The first major football club in Portsmouth was Royal Artillery F.C. The club lost its standing after being suspended by the Football Associatiion for having violated their amateur status by taking players away for a week’s special training before an Amateur Cup-tie. Out of this debacle, it wasdecided to form a professional club called Portsmouth FC, although this name had earlier been used for a team formed by the renowned local architect Arthur Cogswell.
The scene of the 1898 formation was the office of Alderman J.E. Pink, solicitor of John Brickwood, the owner of local Brickwoods Brewery. He called together a group of local enthusiasts, amongst whom were G. Lewin Oliver, headmaster of a prominent local school, and W. Wigginton, a former Royal Engineers Warrant officer, to form a syndicate and share their resources to buy a patch of land in Fratton on which to build a football ground. Fratton then was agricultural land off Goldsmith Avenue in the heart of the city.
It was not until 1913 that Portsmouth first sported their famous blue shirts and white shorts, inspired by and in response to the local military tradition. They had started out in salmon pink shirts with claret collar and cuffs – giving rise to the nickname The Shrimps – and changed to white shirts and dark blue shorts in 1909 before switching to the colour that earned them the previous nickname of ‘Blue’ or ‘Blue and White Army’. It would be remiss not to mention one feature of Portsmouth’s kit. While most clubs over the years opt for socks in colours to match the principle team colours, Portsmouth reinforce the patriotic theme by wearing red socks, and have done so from the 1930s when such a variation was certainly unusual.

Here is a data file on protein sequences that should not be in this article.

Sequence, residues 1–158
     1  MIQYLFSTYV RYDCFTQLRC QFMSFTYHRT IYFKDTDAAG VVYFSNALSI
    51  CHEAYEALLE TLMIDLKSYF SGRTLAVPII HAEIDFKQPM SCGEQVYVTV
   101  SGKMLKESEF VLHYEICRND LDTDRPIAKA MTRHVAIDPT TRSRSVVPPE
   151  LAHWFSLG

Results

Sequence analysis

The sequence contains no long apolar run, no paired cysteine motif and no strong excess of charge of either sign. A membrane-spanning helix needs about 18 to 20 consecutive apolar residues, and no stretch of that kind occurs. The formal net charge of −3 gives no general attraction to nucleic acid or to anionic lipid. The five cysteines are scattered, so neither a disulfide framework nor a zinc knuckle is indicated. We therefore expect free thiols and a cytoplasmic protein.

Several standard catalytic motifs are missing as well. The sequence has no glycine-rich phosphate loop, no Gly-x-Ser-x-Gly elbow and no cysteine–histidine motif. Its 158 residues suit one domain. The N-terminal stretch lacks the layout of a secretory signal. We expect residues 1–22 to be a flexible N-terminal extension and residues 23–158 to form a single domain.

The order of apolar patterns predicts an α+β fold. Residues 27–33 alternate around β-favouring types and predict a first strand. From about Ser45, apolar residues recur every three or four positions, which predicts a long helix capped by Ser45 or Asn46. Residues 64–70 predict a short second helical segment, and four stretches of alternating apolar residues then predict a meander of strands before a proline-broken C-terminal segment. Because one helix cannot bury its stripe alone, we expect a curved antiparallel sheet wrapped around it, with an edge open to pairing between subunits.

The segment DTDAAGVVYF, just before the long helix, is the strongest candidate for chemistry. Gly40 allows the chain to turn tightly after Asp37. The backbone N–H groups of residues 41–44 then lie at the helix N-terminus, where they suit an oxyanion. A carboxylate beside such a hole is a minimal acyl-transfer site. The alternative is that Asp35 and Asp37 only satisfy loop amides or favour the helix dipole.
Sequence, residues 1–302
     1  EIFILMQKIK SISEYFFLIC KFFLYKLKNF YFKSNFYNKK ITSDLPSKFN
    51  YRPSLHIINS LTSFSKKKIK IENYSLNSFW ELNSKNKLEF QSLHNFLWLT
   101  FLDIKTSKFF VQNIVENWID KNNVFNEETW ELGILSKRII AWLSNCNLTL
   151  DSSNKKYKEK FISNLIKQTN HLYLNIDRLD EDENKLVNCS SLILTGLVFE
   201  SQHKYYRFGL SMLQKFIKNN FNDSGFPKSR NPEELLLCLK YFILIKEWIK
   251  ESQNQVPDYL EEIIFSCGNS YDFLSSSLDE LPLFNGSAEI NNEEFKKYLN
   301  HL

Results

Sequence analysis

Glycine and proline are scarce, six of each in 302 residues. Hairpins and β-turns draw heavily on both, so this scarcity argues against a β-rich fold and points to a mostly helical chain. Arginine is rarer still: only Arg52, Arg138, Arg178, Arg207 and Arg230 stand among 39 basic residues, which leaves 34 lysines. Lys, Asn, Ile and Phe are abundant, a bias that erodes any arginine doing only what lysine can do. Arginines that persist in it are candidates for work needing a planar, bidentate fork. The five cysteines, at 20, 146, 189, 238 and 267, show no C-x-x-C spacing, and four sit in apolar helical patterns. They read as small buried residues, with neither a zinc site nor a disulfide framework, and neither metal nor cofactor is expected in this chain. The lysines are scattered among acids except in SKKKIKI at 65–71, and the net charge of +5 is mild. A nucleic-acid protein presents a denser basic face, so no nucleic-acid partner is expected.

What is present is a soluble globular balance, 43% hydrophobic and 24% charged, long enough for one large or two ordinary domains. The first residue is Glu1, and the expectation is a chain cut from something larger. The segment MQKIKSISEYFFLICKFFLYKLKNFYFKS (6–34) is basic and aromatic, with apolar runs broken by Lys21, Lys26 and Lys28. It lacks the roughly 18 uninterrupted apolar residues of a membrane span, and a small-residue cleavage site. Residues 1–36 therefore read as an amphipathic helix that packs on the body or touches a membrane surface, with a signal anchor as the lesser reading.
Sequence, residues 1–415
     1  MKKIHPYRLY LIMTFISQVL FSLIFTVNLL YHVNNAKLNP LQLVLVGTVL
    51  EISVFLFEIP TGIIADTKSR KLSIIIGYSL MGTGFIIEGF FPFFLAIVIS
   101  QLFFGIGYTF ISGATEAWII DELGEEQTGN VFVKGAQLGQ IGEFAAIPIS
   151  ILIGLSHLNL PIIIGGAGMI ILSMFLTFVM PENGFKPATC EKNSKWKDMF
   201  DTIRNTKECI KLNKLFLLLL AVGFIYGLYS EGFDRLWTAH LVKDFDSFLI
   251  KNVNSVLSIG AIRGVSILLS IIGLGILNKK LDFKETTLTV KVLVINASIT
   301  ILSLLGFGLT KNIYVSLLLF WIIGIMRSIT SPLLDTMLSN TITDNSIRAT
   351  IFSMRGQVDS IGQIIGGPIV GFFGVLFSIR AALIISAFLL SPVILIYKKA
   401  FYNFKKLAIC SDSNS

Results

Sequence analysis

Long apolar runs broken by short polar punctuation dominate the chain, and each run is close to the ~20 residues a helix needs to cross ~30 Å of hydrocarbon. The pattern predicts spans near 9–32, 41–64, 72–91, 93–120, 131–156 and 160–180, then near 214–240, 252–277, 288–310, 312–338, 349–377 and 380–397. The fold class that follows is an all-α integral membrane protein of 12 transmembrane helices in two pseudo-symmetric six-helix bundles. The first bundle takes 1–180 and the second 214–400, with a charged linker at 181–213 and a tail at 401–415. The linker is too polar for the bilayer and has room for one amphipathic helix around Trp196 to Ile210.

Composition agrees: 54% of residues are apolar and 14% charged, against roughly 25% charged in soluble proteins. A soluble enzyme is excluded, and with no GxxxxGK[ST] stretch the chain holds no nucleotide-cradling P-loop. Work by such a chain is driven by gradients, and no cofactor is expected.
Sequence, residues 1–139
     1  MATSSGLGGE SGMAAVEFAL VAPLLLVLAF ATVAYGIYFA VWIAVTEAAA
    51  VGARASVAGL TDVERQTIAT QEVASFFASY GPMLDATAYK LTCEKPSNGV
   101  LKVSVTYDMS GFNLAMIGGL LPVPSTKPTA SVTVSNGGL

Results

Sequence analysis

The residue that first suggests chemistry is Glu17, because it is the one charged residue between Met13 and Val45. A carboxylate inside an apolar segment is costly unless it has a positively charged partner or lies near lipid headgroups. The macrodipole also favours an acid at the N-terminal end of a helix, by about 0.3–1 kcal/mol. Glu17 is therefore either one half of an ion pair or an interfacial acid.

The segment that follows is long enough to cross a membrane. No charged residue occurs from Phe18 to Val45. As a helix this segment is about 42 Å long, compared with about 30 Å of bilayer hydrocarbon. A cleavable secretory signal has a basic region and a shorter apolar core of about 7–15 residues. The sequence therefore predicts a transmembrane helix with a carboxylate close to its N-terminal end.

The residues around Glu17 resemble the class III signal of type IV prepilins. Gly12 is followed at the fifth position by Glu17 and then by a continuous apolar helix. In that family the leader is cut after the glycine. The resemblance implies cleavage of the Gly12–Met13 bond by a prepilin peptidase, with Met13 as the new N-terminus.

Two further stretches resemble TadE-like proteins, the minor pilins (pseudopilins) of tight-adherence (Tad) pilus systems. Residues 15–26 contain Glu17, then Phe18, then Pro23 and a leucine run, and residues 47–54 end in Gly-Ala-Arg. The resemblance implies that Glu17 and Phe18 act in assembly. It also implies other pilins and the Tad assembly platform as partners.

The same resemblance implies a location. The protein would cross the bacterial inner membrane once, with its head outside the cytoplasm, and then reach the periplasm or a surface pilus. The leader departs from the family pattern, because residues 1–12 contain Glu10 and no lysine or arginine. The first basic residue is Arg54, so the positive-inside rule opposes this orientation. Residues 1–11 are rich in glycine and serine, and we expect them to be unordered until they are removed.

Portsmouths’ crest has always reflected the star and crescent motif incorporated in the city crest. The star and crescent, which seem originally to have been the sun and moon have found their way into civic seals and arms. They appeared on several badges anciently used by English monarchs. They also appeared on the first Great Seal of Richard I and alluded to his vocation as a crusader to the Holy land, the star and moon being an emblem of the Byzantine Empire. Portsmouth, which obtained a charter from Richard I, took the star and crescent as the device for its seal, and of course now bears them as arms. The star and crescent motifs were first used on Pompey’s shirts around 1909, sewn as a badge onto the home shirt. The city crest was used on home and away shirts in the early Nineties.
The club motto – Heaven’s Light Our Guide – also features in the city crest since 1929, and it is also the motto of the Order of the Star of India. This Order was founded by Queen Victoria in 1861, with an insignia including a star and crescent, and it was regarded as very fitting that these symbols should form a prominent ornament on the troopships that conveyed British troops to and from India and regularly called at Portsmouth.
Why ‘Pompey’? This is possibly the greatest mystery in the story of Portsmouth Football Club and very intriguing indeed. The origins of this nickname, which is perhaps the most instantly recognised in the English game, are obscure indeed. Theories abound about the precise origin of ‘Pompey’, although a naval connection is not disputed.
Some claim it lies in an 8-gun French warship Le Pompee, captured in 1793, which later fought with distinction in the battle of Algeciras in 1801 before becoming guardship of Portsmouth Harbour. Others maintain that it was the far from sober sailor’s interruption of a talk by Agnes Weston, the naval temperance worker. He surfaced from a beery slumber during her lecture on the Roman Empire to hear that the General Pompey had been killed. “Poor Old Pompey” he is said to have shouted….such are the roots of legend. But there is another, more authenticated potential root in naval folklore. In 1781 some Portsmouth-based English sailors scaled Pompey’s Pillar near Alexandria and, 98 feet up above Egypt, toasted their ascent in punch. Their feat earned them the Fleet’s tribute as ‘The Pompey Boys’.